In recent times, I’ve shifted my emphasis in practicing yoga from just focussing on the performance of physical postures to observing my attitude when I do asanas. Who I am and how I approach what I do is increasingly more important than performing a sequence of poses.
I still do my practice of poses, which I love, and what I try to bring to my yoga now is kindness, acceptance, and love. At this stage in my life, I find this is more satisfying than my old way of always pushing myself to do better and even competing with others.
I’ve taken to wearing a necklace with a pendant that says “LOVE”, a daily reminder for me to keep generating that quality “off the yoga mat”.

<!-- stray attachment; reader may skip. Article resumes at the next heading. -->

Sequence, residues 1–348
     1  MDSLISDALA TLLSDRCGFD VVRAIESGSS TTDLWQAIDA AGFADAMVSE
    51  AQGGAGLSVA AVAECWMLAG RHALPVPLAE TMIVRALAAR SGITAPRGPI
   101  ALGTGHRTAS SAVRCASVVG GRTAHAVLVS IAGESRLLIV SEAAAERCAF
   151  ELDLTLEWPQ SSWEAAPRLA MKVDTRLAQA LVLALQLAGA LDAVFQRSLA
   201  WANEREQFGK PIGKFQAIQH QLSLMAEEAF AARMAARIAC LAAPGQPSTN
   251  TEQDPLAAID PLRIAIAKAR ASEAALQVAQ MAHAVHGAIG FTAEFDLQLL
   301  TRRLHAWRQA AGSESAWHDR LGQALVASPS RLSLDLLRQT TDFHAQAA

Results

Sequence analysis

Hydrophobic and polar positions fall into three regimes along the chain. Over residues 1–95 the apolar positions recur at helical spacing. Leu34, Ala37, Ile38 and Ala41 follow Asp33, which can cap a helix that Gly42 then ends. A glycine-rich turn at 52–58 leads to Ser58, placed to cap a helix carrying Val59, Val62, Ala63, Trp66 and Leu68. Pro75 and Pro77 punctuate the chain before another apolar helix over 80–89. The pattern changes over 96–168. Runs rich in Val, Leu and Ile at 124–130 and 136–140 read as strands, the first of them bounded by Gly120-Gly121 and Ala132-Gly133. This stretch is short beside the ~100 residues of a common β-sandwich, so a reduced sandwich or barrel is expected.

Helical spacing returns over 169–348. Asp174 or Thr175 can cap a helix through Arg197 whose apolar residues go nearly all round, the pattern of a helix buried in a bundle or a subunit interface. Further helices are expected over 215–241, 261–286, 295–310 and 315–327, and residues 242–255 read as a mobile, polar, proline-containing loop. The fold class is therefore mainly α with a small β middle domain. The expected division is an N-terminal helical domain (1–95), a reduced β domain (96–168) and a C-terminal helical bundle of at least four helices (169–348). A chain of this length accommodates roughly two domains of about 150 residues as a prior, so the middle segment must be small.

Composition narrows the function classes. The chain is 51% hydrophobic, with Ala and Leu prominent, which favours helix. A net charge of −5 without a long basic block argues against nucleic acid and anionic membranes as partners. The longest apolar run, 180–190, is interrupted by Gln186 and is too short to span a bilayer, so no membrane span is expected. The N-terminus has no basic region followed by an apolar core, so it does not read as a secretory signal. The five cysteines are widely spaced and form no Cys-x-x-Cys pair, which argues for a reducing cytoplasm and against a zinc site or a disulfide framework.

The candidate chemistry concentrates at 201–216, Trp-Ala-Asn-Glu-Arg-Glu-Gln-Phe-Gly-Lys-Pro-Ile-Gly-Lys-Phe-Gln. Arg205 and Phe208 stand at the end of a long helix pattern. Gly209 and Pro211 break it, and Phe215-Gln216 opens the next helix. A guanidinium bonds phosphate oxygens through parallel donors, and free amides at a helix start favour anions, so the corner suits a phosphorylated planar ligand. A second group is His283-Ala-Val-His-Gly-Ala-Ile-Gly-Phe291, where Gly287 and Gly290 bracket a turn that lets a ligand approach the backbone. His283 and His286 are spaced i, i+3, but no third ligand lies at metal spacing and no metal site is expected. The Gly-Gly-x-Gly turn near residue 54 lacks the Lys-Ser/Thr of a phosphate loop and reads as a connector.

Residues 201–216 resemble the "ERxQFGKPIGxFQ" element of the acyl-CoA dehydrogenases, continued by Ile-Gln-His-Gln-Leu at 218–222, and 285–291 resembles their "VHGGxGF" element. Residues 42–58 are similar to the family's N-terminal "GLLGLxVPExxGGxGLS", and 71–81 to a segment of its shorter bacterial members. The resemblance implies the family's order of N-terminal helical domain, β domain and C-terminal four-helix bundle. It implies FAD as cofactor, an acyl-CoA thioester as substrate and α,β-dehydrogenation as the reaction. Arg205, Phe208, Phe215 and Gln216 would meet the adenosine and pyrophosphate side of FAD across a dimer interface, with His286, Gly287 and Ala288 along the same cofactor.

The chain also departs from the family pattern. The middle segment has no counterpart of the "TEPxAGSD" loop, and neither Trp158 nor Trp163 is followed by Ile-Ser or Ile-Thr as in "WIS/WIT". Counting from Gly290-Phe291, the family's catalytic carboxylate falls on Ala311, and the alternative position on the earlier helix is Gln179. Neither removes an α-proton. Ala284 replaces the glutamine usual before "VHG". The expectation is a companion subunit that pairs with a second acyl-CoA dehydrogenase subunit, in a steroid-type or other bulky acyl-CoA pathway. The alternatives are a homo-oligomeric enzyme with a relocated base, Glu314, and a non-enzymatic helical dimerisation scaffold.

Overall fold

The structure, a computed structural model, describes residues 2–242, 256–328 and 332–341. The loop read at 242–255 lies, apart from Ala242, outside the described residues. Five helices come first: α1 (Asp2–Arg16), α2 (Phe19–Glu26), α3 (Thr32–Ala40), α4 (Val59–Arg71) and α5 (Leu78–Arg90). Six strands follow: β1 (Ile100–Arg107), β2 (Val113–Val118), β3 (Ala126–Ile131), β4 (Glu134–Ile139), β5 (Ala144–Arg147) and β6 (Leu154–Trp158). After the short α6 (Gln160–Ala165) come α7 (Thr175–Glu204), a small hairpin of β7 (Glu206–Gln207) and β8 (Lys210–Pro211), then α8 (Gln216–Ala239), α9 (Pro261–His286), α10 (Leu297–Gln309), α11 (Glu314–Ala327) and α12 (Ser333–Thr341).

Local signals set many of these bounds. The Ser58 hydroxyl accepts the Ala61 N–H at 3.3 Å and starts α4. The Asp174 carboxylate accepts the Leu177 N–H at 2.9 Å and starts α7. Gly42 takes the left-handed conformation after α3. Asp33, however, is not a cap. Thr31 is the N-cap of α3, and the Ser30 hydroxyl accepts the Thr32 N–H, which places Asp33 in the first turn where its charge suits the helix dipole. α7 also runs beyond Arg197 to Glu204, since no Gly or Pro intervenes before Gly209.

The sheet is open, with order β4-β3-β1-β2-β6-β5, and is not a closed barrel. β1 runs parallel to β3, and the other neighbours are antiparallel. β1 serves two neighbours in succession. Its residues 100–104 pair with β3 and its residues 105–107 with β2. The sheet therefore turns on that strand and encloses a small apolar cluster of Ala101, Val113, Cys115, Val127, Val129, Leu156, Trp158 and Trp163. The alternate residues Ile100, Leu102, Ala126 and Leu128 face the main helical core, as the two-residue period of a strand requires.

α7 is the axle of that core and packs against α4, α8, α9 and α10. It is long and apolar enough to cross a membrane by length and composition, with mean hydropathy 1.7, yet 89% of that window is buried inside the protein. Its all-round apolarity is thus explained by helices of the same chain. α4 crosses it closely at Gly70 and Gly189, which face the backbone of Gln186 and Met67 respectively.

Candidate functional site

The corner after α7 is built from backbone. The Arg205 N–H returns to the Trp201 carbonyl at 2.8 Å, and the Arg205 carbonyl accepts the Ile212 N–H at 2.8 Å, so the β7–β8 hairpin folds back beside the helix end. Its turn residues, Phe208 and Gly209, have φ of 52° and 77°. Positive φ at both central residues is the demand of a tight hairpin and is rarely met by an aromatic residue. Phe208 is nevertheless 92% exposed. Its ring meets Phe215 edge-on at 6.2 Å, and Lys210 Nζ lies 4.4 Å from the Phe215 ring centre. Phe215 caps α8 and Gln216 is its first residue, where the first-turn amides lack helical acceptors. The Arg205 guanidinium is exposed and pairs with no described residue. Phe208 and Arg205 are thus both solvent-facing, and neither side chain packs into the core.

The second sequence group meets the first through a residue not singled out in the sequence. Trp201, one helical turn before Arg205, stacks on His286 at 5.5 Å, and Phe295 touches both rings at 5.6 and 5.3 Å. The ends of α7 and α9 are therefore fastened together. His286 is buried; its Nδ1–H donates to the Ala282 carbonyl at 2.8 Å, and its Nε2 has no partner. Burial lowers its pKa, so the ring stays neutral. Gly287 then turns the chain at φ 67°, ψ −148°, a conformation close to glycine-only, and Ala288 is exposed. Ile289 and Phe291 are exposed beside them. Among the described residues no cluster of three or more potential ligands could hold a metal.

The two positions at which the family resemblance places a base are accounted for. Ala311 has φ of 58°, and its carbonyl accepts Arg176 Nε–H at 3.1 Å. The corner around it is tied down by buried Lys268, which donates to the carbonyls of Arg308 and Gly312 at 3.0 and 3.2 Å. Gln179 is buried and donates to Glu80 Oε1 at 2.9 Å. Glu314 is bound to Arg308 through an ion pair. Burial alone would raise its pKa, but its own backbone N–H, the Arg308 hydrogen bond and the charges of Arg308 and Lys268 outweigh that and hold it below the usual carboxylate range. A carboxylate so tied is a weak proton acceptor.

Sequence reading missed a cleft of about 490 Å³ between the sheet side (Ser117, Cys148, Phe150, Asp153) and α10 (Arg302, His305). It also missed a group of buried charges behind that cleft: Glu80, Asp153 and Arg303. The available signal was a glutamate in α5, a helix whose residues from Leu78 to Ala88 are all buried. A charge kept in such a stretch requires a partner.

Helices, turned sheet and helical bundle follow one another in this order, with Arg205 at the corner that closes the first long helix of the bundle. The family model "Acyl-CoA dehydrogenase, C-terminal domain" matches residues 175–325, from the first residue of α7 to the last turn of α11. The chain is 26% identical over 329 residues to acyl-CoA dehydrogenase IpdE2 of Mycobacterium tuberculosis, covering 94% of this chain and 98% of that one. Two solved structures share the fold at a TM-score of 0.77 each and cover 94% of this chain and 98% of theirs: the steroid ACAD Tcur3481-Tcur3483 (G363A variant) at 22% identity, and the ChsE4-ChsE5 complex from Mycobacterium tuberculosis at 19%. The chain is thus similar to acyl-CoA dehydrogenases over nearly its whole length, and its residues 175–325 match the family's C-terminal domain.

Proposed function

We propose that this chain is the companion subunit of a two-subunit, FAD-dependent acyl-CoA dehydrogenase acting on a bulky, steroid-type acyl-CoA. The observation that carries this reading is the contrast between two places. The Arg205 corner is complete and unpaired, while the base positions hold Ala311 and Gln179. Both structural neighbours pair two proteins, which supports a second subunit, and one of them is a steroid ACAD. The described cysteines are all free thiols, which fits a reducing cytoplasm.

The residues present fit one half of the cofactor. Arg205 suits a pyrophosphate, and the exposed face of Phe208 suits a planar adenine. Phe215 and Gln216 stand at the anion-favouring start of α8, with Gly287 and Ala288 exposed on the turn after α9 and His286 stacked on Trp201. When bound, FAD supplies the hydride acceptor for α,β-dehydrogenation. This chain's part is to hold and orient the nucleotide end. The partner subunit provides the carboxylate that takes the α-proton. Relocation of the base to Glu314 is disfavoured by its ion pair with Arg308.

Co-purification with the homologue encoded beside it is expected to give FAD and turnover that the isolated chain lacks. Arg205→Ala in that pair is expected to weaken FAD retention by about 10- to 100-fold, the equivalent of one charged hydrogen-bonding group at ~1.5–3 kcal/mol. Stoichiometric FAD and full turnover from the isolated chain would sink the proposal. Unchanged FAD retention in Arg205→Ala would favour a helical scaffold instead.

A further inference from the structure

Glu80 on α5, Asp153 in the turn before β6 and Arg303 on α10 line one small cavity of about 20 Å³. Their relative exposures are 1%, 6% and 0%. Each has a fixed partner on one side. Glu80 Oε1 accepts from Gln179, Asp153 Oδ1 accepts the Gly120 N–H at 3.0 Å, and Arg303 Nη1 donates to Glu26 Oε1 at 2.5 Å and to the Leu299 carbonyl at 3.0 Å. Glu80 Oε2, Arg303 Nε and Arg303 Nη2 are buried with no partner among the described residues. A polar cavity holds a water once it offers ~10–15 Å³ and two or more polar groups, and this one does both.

Yesterday I met Luna, a rather fat feline on a San Francisco footpath. Luna wears something around her neck, like me – a collar with a message that says: “The weight of the world is love.” I like that, even though it is a touch poetically ambiguous.
Luna reminds me of Busopher Jones, T. S. Eliot’s Cat About Town, in the way she wants to love every passer-by on Valley St.
There’s a long tradition for the practice of love in yoga through the fostering of devotion as in Bhakti, or Mehta Bhavana, loving kindness in Buddhism. The Bhagavad Gita is the consummate text for deepening our understanding of love.
The “Radiance Sutras” as presented by Lorin Roche, PhD, seem to expand beautifully on Luna the cat’s message:
“The roar of joy that sets the world in motion
Is reverberating in your body
And the space between all bodies
Find that exuberant vibration
Humming in your secret places
Streaming through the channels of delight
Rising new in every moment.
Know you are flooded by it always.”